There are a few different schools of thought on deworming, and ours is, “less is more”. Instead of deworming your horse with every product available, we focus on what they need to be dewormed with, and how we can get the most bang for our buck.
What are the Goals of Strategic Deworming?
Strategic deworming is a program designed to:
- Control clinical parasitism and environmental contamination;
- Determine if parasites on the farm are resistant to any of the deworming products we intend to use; and
- Prevent the development of parasite resistance (i.e. when dewormers don’t kill parasites) to deworming products in use currently.
- It is not our goal to eradicate all parasites or to make moderate and high shedders into low shedders. Our goal is to treat clinical problems related to parasites, control environmental contamination, and treat your horse with the deworming protocol appropriate for him/her.
Why Should You Practice Strategic Deworming?
Your horse is an individual, and he should be dewormed that way. Fecal egg counts are performed to determine which dewormers are best for your horse and farm, as well as how often they should be used. We recommend that you perform fecal egg counts biannually until you’ve reached a consistent result for two years or more. Horses do develop a certain level of natural immunity to parasites as they are exposed to parasites over the course of their lifetime. However, this level of immunity may change if the horse’s immune status changes due to pregnancy, stress, performance levels or health issues, such as aging, illness or Cushing’s syndrome.
More does not equal better. Historically, it was common practice to deworm all horses every two months. However, in many horses, deworming every 8 weeks is far more frequent than is required to control that individual’s parasite issues. This overuse of deworming products has put strong selective pressure on parasites, which has led to localized resistant populations of parasites – not to mention more pressure on your wallet than is necessary.
How to Practice Strategic Deworming
Deworm the horses that are producing the most eggs. Typically, 20% of the horses are shedding 80% of the eggs into the environment. No stigma should be attached to these high-shedding horses. Their high shedding is merely a function of their innate immunity to parasites and does not suggest poor care. These horses should not be separated from the rest of their herd mates, either. Horses should be grouped by age (two-year-olds and younger should be separated from the rest of the herd) to reduce their exposure to certain parasites and to maximize the deworming program for that group.
Environmental control is also important. Management practices that can be utilized, although not always practical and/or possible, include the following:
- Pick-up and dispose of manure in pastures regularly – this is the best dewormer of all;
- Mow/harrow pastures regularly to break up manure piles and expose parasite eggs and larvae to the weather (when temperature is > 85);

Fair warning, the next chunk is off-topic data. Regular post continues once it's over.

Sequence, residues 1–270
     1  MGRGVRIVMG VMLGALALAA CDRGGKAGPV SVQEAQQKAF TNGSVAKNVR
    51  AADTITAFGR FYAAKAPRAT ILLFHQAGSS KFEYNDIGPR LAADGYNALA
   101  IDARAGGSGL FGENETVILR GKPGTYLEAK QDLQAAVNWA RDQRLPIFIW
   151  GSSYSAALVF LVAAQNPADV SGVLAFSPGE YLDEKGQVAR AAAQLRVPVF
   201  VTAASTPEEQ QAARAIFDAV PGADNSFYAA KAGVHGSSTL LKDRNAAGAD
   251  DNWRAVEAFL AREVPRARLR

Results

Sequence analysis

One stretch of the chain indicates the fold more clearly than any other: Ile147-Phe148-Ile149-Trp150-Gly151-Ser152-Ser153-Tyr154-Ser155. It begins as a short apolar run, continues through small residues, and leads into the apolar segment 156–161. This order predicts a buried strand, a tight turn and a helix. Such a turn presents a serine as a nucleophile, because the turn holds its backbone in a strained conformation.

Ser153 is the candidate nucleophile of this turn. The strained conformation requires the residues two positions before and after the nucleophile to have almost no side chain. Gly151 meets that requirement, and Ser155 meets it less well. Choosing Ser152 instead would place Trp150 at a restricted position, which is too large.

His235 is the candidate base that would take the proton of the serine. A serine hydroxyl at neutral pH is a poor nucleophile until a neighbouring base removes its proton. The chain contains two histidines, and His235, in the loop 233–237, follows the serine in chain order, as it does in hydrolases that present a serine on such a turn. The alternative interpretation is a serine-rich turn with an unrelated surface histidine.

- Leave pastures empty for 4 weeks after mowing/harrowing pastures;
- Rotate pastures with other livestock to break up life cycles of parasites; and
- Avoid over-stocking and over-grazing pastures.
The theory of this deworming protocol is to deworm the horses that are producing the most eggs and therefore contaminating your pastures. Moderate and high shedders will be dewormed more frequently than the low shedders to decrease the number of eggs they are leaving in the pasture.
What Dewormers Will I Use?
There are many different dewormers on the market and it can be difficult to keep track of what you need to use on your horse. The goal is to limit the dewormers that the parasites are exposed to in order to slow the development of drug-resistant parasites while controlling the parasites your horse may come into contact with that are clinically significant. Here are the major deworming products we use, and what active ingredient is utilized.
How Do I Get Started?
- Wait an appropriate amount of time after your last deworming.
- Wait 8-10 weeks after using Strongid, Panacur, or Anthelcide.
- Wait 12 weeks after using any ivermectin product (see above).
- Wait 16 weeks after using Quest or Quest Plus.
- Collect fecal samples for all of the horses in your herd. If your horse is under 12 months of age, you do not need to perform a fecal egg count – we already know that he’ll be a high shedder. Contact the office to develop a plan.
- Collect 1-2 fresh fecal balls per horse. Ideally, you will collect a sample that is free of dirt or bedding, that is from the middle of a pile, and that is less than two hours old. The easiest way to do this is to stall your horse for a few hours and collect from a fresh pile.
- Place the sample is a ziplock bag and express as much air from the bag as possible.
- Label the bag with the owner’s first and last name, the horse’s name and age, the date of the collection, the last time you dewormed the horse, and what deworming product you last used on the horse.
- The sample should be refrigerated, NOT frozen, until tested.
- Ensure that the sample is with the office or veterinarians within 5 days of collection. You can bring the sample to the office (we’re open from 8am – 5pm, Monday – Friday) or give the sample to your veterinarian while they’re at your farm.
- After testing, the office will contact you with each horse’s shedding class, and instructions for deworming.
- Low Shedder – Fewer than 200 eggs per gram of fecal matter.
- Moderate Shedder – Between 200 and 500 eggs per gram of fecal matter.
- High Shedder – More than 500 eggs per gram of fecal matter.
Please contact Irongate Equine Clinic with any questions or concerns that you may have at (608) 845-6006 or Info@IrongateEquine.com.
Kelly Danner, Practice Manager